19. runnerss

    runnerss Comrade

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    It isn't just a reward system. It is a behavior management plan. Yes, they get money for doing the right thing, but you also can lose money for not doing apprproiate behaviors.
     
  20. runnerss

    runnerss Comrade

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    My assistant principal did this and she created a free market economy. Students brought stuff from home to sell. Students also made things. They only did this once a semester though. Kids got in groups, set their prices, set up tables in the gym, and sold their stuff.
     
  21. 773 Miles Away

    773 Miles Away Comrade

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    Sounds like a cool idea. I'm really interested in how it goes once the year starts. Are you a first year teacher? If so, take my advice, keep things simple! The chances are you will be so inundated with planning and correcting and just craziness in general, that complex things will become a headache. So while you plan this, always keep in mind how you can simplify each step.

    Also, once you implement a program you are stuck with it for the whole year - or you have to figure out a way to change it without upsetting the class.

    Our school does PBIS and we give hole punches (I have a heart shaped hole punch) to a card they carry around. Every 30 punches (full card) and they turn it in to their art teacher for a prize. I even tried to simplify this!

    Instead of walking around with a hole puncher ... I plan on keeping a clipboard (which I carry around anyway) with the class list on it. And if I want to give punches, I'll just announce it and make a tally. "Johnny, I am putting you down for 2 punches because you are standing in line perfectly!" Then maybe on Friday's I can just punch away.. or make it a supervised student job.

    Because yes, to me, walking over to a student to physically punch their card was wasting too much of my time... lol. I'd rather just shout it out and MOVE ON haha
     
  22. MrsHoot

    MrsHoot Comrade

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    Jun 8, 2009

    Yes I am a first year teacher. I am trying to simplify it so it won't be a headache for me! I've read about how a few different teachers give all their students the responsibility. I would like to do the same.

    As far as rewards to earn...

    sitting in the teacher's desk for a day
    lunch in the classroom with a friend
    sitting in a certain chair for the day (or the reading couch)
    homework passes
    popcorn party (that they could earn together if they wanted)
    popsicle party
    extra free time

    Stuff like that that I don't have to buy. =)

    I'm thinking if I collaborate with students (possibly) OR have it all written, laid out and ready, copies all made... I will make it very student centered so that I am doing as little work as possible.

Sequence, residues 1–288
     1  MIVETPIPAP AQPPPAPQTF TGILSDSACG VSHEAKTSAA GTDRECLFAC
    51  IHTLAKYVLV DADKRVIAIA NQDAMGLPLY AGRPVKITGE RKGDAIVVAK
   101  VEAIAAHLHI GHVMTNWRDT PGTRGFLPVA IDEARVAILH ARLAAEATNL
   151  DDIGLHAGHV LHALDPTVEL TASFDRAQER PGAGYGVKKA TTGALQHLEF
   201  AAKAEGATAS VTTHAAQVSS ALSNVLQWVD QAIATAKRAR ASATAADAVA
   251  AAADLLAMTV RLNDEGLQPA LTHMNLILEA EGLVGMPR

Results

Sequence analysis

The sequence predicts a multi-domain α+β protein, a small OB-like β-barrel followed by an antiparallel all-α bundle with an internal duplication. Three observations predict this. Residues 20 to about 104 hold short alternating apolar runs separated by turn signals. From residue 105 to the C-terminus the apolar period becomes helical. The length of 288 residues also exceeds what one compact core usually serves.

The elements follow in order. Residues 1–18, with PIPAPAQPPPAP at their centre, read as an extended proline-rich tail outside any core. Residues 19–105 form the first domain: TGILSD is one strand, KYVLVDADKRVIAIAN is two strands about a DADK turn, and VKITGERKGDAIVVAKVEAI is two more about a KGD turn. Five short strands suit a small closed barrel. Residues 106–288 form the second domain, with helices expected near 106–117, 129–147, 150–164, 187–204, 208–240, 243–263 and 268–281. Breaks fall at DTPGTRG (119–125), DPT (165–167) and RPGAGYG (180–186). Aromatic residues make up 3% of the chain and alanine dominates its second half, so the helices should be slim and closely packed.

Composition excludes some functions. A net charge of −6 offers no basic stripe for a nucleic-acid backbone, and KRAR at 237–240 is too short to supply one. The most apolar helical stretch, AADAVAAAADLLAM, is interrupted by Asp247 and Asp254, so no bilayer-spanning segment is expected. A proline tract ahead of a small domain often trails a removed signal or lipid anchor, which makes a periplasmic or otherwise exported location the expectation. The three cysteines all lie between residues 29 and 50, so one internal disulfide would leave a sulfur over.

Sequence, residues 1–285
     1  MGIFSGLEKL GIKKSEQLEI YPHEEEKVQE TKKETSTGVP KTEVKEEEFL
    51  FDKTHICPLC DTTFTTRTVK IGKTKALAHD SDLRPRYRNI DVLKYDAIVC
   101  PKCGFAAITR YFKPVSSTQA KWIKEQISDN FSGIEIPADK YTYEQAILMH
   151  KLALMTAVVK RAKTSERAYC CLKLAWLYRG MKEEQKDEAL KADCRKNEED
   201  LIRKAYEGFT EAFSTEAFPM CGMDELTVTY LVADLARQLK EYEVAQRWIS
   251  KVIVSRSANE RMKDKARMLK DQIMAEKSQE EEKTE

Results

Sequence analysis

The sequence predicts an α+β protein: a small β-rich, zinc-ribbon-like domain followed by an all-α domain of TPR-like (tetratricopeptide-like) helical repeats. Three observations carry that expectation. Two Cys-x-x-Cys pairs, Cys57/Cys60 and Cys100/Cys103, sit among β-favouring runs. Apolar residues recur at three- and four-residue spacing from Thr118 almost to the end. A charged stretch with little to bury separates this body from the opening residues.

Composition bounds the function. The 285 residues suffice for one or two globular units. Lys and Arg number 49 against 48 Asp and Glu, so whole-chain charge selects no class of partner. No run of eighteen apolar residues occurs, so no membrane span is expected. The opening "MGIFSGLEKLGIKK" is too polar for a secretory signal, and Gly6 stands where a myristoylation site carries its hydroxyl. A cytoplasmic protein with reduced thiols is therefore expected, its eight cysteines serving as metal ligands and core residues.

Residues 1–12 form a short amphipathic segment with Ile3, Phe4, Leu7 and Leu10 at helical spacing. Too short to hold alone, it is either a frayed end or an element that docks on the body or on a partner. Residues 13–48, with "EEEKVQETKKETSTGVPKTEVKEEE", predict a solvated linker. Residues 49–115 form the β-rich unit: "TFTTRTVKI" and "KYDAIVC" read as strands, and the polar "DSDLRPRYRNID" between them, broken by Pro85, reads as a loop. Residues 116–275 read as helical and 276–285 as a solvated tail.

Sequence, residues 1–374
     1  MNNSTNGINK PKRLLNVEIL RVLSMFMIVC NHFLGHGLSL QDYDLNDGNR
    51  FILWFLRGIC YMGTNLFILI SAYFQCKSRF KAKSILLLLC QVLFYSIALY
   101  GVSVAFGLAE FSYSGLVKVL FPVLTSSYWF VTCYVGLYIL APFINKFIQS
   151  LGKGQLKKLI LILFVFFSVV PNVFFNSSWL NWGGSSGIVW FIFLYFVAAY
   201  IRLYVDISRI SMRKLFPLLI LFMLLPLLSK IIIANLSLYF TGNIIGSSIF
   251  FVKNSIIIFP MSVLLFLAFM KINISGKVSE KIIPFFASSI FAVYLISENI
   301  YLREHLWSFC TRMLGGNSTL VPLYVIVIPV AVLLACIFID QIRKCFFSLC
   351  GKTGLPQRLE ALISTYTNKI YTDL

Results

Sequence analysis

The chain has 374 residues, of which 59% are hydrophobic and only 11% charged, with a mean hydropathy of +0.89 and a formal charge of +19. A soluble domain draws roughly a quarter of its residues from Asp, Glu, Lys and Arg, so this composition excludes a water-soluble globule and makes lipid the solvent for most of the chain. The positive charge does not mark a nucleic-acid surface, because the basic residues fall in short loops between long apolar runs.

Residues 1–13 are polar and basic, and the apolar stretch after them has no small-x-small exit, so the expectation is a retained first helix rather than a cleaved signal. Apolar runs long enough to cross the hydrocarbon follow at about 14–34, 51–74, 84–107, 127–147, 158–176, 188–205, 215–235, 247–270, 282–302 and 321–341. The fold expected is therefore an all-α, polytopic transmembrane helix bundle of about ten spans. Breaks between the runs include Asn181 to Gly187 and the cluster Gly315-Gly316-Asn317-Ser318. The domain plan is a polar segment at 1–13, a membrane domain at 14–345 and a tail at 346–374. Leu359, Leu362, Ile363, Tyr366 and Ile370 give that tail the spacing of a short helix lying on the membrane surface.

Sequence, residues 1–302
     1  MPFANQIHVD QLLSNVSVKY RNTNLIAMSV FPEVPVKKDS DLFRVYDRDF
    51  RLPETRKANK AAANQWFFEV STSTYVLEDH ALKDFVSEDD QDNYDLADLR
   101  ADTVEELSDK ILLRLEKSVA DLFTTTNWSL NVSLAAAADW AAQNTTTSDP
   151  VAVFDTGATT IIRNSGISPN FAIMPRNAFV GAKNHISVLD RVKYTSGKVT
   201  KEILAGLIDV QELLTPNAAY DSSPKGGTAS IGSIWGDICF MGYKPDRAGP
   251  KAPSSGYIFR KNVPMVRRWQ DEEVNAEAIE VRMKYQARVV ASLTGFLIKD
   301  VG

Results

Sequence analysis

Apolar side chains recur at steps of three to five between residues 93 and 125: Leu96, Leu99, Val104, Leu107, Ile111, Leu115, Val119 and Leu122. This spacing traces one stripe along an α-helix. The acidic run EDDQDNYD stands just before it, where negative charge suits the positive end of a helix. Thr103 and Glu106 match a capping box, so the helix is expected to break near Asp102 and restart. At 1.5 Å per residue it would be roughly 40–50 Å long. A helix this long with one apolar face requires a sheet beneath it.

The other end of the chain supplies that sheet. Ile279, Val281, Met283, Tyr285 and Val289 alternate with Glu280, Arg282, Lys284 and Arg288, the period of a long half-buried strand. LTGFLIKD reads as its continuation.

23. runnerss

    runnerss Comrade

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    Do you have student computers? Every group of 5th graders that u get live the computers. They could earn some free time on those.
     
  24. smalltowngal

    smalltowngal Multitudinous

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    Jun 8, 2009

    MrsHoot~have the students come up with some rewards as well. You can tell them that this is what you have so far, is there anything you want to take off or include.
     
  25. 773 Miles Away

    773 Miles Away Comrade

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    I like the rewards ... most are essentially Free for you. One thing I have learned this year with my 4th graders is that it really does not take a lot to impress them. They would be thrilled with an ice cream party... but they seem to be equally thrilled with 5 minutes of free time before dismissal so they can chat and draw.

    My best example is during the winter when we have indoor recess. I am a first year teacher as well and I have NO games in my room... so indoor recess, I thought, would be quite boring. They have a BLAST taking blank pages and making up their own word searches or mazes and having friends solve them. So my kids don't really need fancy prizes.

    I like this idea. You could have a prize be computer time during dismissal (if they wait for a bus to be called that is).
     
  26. shouldbeasleep

    shouldbeasleep Enthusiast

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    Jun 8, 2009

    The fifth grade teachers at my school who did "classroom economy" told the kids to turn in their checkbooks one day at the end of the day. The kids didn't have any fake money; they kept their balances in a checkbook register and bought things every few Fridays. (eat in the classroom, etc.)

    On that particular day, the teachers wiped out their balances. The unit on The Great Depression had begun. Some kids were furious the next day because they had been saving for something big. There were two criers.

    The teachers told me that next year were going to have to e-mail the parents and prepare them ahead of time so they wouldn't get any more calls from parents like they did this year.

    I believe they gave them back their balances after discussing the events of the Great Depression.

    I don't know. The whole thing sometimes sounds like a good lesson in economics, and sometimes sounds like a lot of time and effort.

    I have no idea what I'll do next year since I won't be teaching just my homeroom.
     
  27. smalltowngal

    smalltowngal Multitudinous

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    Wow, shouldbe...what a great way to intro the Great Depression! I'm sorry about the criers.
     
  28. MrsHoot

    MrsHoot Comrade

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    Ahhh! The great depression! I can't imagine the amount of parent and student complaints =) I was contemplating not doing the actual cash as well... and just having them keep running totals in their checkbook and balancing them on the days that they "buy" things or "pay" rent.
     
  29. BioAngel

    BioAngel Science Teacher - Grades 3-6